There are a lot of differences between Reva and ANS Forth.
For starters, Reva doesn't even try to be compatible with ANS. "But...", I hear you say, "ANS is the standard! Surely adhering to the standard is good!". Well, if the standard were good, and if ANS-compatible Forths all looked the same, you would have a point. There's an ironic statement, "Once you've seen one Forth, you've seen one Forth". I'm afraid that is mostly true.
In order to make life easier for ANS-ifiles, there is actually an ANS compatibility layer to Reva. Happily for most of us, it is not loaded by default. If you with to use the ANS layer (such as it is), do:
within Reva, or launch Reva with a command-line parameter of '-a':
Now when you type words you will see some ANS compatible things. Be warned: the ANS layer currently breaks many "normal" Reva libraries, since it redefines the word repeat in a most incompatible manner. I hope to have this fixed sometime soon, but it is very low priority to me.
Reva has some words which are similar to ANS words yet not the same:
- " is used to create a string, whether interactively or compiled. ANS uses S"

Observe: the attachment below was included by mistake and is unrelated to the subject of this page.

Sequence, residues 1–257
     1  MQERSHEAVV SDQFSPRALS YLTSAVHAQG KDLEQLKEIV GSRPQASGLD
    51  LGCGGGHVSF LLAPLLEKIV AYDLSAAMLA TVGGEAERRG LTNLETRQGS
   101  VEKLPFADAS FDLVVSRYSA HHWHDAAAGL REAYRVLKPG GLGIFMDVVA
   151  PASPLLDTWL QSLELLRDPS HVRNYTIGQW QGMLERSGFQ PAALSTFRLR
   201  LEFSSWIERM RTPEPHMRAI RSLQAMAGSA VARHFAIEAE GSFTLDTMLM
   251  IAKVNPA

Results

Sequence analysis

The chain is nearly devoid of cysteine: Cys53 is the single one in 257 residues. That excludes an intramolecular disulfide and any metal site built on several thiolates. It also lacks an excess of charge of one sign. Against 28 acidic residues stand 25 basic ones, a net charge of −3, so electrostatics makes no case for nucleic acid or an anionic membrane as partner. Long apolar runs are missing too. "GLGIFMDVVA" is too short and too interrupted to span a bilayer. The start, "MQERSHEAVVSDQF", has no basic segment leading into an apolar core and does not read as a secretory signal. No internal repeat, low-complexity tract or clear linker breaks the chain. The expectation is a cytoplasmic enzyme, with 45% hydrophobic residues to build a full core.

- find is quite different
- in Reva, words are visible immediately at the time they are defined in dictionary. ANS-FORTH has a concept of delayed visibility of words. That indirectly implies mechanisms as SMUDGE are to be defined. The way ANS goes is sometimes nice for redefining words when you want to inherit the old functionality. In Reva/HelFORTH/Retro you have to do some workarounds for that - e.g.:
: emit prior emit '* prior emit ;instead of ANS-version:
: emit emit char * emit ;
While for this specific task ANS looks easier to program, there are a lot of implementation details that make the way Reva uses easier to implement and if extended by special words even more interesting - e.g. with some extensions of HelFORTH (it's no big exercise to have this in Reva) the example would look like this:
:: v: emit '* v: emit ; is emit